Seven centuries before Christ, Lycurgus, the legendary architect of Sparta’s constitution, was allegedly asked why he hadn’t designed a democracy. To him the answer was self-evident: “Try the experiment in your own family.” Sharing Lycurgus’ distrust, neither Plato nor Aristotle found much commendable in democratic regimes. Nor did Thomas Aquinas 1500 years later, noting, with his usual acuity: “If an unjust government is carried on by one man alone, who seeks his own benefit from his rule and not the good of the multitude subject to him, such a ruler is called a tyrant—a word derived from strength—because he oppresses by might instead of ruling by justice. Thus among the ancients all powerful men were called tyrants. If an unjust government is carried on, not by one by several, and if they be few, it is called an oligarchy, that is, the rule of a few. This occurs when a few, who differ from the tyrant only by the fact that they care more than one, oppress the people by means of their wealth. If, finally, the bad government is carried on by the multitude, it is called a democracy, i.e. control by the populace, which comes about when the plebian people by force of numbers oppress the rich. In this way the whole people will be as one tyrant” (On Kingship, I, 1).
That ancient, and venerable, critique of majority rule is reaffirmed in Paul A. Rahe’s Soft Despotism, Democracy’s Drift: Montesquieu, Rousseau, Tocqueville & The Modern Prospect (New Haven: Yale University Press, c. 2009), a meticulous investigation of modern democracy’s intellectual development and ominous implications. Its positive case was best argued by Montesquieu early in the 18th century He “rivals Aristotle as an analyst of political regimes” (p. 13), and his Spirit of the Laws quickly became “the political Bible of learned men and would-be statesmen everywhere in Europe, and beyond. In Britain, it shaped the thinking of Edmund Burke, Edward Gibbon, William Blackstone, Adam Smith . . . and in America, it inspired the Framers of the Constitution and their opponents, the anti-Federalists, as well” (p. 64). His countryman, Jean-Jacques Rousseau, was also indebted to Montesquieu’s Spirit of the Laws, though he repudiated many of the Enlightenment principles embodied therein. Rejecting Montesquieu’s call for a representative republic—much like the federal system established by the United States Constitution, with its balanced (legislative, executive, judicial) powers and moderate policies—Rousseau envisioned a utopian society incubated by an autocratic, mystical “general will.” Thus he celebrated ancient Sparta and republican Rome, claiming that those ancient polities provided guidance for the modern democracies he envisioned. (In fact, he used arbitrary portraits of the past as a club with which to destroy the 18th century monarchies he despised.)
As a gifted propagandist, Rousseau “laid hold of the inchoate uneasiness afflicting his contemporaries and gave it both substance and form. In doing so, he fomented the revolutionary and nationalist impulses and the democratic envy that he so frequently professed to abhor; and by insisting that men are naturally good and that all of the wickedness they display and all of the misery they suffer can be traced to the political institutions under which they live, he fostered within what was in origin a secular impulse an almost messianic hope, and he inspired in many a reader a profound longing to establish new institutions capable of transforming the human condition and of reworking thereby the very nature of man” (p. 139). In Rahe’s judgment: “Every radical movement of both left and right, from Jacobism at the time of the French Revolution through communism and fascism in the twentieth century to the anti-globalization movement, the environmental movement, and the Islamist jihad characteristic of our time, has wittingly or unwittingly taken as its starting point one or another variation of the powerful critique of bourgeois society first suggested” by Rousseau (p. 139).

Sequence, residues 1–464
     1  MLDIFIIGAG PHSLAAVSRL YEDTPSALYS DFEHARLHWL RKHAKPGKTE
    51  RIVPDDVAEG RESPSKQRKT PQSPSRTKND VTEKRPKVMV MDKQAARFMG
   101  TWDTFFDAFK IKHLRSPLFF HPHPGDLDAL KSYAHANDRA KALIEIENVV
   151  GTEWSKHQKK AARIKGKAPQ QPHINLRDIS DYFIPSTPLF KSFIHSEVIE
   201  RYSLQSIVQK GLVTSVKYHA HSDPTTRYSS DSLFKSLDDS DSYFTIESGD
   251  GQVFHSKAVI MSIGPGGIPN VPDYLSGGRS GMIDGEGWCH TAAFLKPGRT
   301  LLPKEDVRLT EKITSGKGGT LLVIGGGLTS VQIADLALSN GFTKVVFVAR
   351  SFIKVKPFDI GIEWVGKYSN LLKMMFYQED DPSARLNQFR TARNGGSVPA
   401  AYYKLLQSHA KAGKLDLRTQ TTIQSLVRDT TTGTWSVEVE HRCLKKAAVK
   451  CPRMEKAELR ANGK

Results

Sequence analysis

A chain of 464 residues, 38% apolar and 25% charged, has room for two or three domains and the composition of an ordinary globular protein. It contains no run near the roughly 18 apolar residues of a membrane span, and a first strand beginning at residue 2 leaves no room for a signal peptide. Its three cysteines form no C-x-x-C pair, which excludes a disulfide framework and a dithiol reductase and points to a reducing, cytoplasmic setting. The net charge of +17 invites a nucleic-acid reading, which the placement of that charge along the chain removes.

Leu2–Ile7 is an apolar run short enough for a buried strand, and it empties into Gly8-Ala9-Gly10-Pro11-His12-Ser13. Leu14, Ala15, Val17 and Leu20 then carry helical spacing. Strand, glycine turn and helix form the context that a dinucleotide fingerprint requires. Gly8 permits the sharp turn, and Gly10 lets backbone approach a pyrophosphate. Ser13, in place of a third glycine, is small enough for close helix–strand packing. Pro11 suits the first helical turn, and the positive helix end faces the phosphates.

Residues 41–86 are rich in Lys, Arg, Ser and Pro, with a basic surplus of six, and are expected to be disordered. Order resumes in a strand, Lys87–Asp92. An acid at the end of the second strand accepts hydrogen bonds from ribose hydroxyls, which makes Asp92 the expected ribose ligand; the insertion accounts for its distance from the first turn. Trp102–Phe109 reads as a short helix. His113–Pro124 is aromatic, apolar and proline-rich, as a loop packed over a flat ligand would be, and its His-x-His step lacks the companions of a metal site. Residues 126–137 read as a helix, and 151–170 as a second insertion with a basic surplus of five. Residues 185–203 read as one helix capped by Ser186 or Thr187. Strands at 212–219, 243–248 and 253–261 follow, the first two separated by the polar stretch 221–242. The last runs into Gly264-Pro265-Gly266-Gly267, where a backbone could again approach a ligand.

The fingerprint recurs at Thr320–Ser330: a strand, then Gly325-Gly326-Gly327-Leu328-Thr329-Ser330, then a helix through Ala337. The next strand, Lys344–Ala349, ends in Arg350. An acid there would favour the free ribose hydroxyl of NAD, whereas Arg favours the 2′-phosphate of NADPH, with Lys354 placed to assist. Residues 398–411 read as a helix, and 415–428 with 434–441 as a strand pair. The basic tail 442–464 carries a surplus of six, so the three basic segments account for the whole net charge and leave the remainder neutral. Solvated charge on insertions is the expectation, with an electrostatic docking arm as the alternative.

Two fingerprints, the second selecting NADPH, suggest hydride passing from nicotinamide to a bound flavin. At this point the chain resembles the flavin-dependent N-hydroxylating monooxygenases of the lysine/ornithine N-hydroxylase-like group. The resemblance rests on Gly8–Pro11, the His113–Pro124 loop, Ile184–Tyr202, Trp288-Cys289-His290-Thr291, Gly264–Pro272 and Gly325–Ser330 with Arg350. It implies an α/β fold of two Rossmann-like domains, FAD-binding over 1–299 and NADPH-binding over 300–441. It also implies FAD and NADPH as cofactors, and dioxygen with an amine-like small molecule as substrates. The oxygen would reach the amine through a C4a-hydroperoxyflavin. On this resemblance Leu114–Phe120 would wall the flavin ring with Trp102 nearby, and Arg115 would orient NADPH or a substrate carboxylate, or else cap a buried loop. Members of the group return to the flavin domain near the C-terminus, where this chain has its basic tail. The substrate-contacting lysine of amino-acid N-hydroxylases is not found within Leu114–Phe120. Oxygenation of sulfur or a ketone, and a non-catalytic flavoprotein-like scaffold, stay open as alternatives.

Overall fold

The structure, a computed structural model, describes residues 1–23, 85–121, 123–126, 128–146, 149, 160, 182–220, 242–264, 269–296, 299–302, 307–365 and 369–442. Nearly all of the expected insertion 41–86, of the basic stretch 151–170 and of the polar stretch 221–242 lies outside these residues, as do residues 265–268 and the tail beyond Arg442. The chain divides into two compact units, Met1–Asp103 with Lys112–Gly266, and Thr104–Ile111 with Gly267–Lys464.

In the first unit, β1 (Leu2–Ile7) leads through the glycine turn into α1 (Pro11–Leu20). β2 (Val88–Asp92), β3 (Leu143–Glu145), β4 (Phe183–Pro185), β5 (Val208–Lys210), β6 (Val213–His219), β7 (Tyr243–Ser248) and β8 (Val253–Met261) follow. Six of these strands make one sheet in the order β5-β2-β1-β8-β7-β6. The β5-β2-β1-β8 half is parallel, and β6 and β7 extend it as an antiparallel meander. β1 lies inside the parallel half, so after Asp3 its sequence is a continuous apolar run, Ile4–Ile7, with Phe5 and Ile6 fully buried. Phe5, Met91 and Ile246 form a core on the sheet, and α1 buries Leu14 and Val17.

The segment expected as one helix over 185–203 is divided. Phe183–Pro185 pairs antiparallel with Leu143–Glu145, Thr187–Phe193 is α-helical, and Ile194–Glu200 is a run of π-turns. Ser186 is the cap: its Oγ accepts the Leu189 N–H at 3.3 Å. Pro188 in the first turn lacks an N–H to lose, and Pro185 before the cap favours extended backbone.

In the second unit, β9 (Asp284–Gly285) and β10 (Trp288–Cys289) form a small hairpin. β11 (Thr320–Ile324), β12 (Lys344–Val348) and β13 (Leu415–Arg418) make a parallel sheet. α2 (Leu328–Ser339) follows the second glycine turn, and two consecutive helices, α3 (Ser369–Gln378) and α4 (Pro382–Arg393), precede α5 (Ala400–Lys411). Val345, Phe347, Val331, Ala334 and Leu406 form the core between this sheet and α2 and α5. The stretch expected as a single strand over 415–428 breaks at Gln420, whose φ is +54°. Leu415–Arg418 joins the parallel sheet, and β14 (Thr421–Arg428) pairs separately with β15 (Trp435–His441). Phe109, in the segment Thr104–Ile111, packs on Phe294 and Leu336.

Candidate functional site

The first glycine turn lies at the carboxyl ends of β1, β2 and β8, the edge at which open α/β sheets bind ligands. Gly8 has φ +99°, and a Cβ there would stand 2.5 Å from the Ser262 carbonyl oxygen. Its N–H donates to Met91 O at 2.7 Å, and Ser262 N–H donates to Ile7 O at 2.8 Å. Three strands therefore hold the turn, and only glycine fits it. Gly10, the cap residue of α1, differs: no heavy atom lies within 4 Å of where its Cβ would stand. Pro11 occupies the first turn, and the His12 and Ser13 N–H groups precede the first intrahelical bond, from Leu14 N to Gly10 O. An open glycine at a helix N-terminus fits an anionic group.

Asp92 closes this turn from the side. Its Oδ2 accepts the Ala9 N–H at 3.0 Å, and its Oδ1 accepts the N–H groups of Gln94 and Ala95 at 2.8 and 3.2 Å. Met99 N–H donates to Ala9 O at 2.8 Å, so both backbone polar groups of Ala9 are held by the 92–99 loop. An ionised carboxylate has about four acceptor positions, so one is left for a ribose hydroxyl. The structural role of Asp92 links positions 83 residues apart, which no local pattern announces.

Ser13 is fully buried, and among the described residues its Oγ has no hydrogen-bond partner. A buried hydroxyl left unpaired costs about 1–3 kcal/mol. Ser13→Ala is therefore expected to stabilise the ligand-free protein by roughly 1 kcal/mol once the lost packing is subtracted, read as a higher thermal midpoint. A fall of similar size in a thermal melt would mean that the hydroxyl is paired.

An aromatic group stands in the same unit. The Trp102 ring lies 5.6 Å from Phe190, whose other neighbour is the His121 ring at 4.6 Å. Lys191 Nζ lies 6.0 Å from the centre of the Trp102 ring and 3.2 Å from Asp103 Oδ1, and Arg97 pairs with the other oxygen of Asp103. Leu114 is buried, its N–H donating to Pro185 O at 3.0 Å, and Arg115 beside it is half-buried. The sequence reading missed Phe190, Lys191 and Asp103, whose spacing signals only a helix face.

Rejecting Rousseau while embracing Montesquieu, the third great French thinker Rahe examines—Alexis de Tocqueville—discerned enduring truths regarding both European and American democracies worth pondering. His Democracy in America pivots around Montesquieu’s “haunting observation that if you ‘abolish in a monarchy the prerogatives of the lords, the clergy, the nobility, & the towns,’ as England’s parliament had done, ‘you will soon have a state popular—or, indeed, a state despotic’” (p. 161). In the name of “the people,” enabled and applauded by “the people,” you can subtly enslave the people, and they are especially subject to a dictatorial “public opinion” that easily becomes the final arbitrator of all democratic decisions. Consequently, to Tocqueville, “soft despotism really is democracy’s drift” (p. 193). This is especially facilitated by what seems an inevitable centralization of power, establishing a “tutelary state”—a “despotism of Administrators” that inexorably expands.